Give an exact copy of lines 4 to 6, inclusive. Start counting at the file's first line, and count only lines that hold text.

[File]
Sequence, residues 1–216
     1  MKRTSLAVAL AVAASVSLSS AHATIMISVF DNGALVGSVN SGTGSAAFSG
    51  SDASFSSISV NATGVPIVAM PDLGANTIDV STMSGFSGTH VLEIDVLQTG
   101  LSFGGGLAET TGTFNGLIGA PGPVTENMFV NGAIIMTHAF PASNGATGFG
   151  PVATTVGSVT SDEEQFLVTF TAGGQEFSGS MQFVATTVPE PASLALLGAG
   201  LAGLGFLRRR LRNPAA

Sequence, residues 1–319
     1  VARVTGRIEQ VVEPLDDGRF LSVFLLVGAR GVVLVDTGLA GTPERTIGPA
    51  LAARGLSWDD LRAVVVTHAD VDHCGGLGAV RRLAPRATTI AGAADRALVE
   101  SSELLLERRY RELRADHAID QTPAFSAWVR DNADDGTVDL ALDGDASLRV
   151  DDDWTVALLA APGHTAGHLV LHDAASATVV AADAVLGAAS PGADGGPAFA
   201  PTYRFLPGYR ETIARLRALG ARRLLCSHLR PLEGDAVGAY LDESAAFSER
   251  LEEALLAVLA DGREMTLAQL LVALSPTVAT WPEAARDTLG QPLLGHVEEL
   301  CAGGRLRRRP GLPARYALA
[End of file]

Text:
   101  LSFGGGLAET TGTFNGLIGA PGPVTENMFV NGAIIMTHAF PASNGATGFG
   151  PVATTVGSVT SDEEQFLVTF TAGGQEFSGS MQFVATTVPE PASLALLGAG
   201  LAGLGFLRRR LRNPAA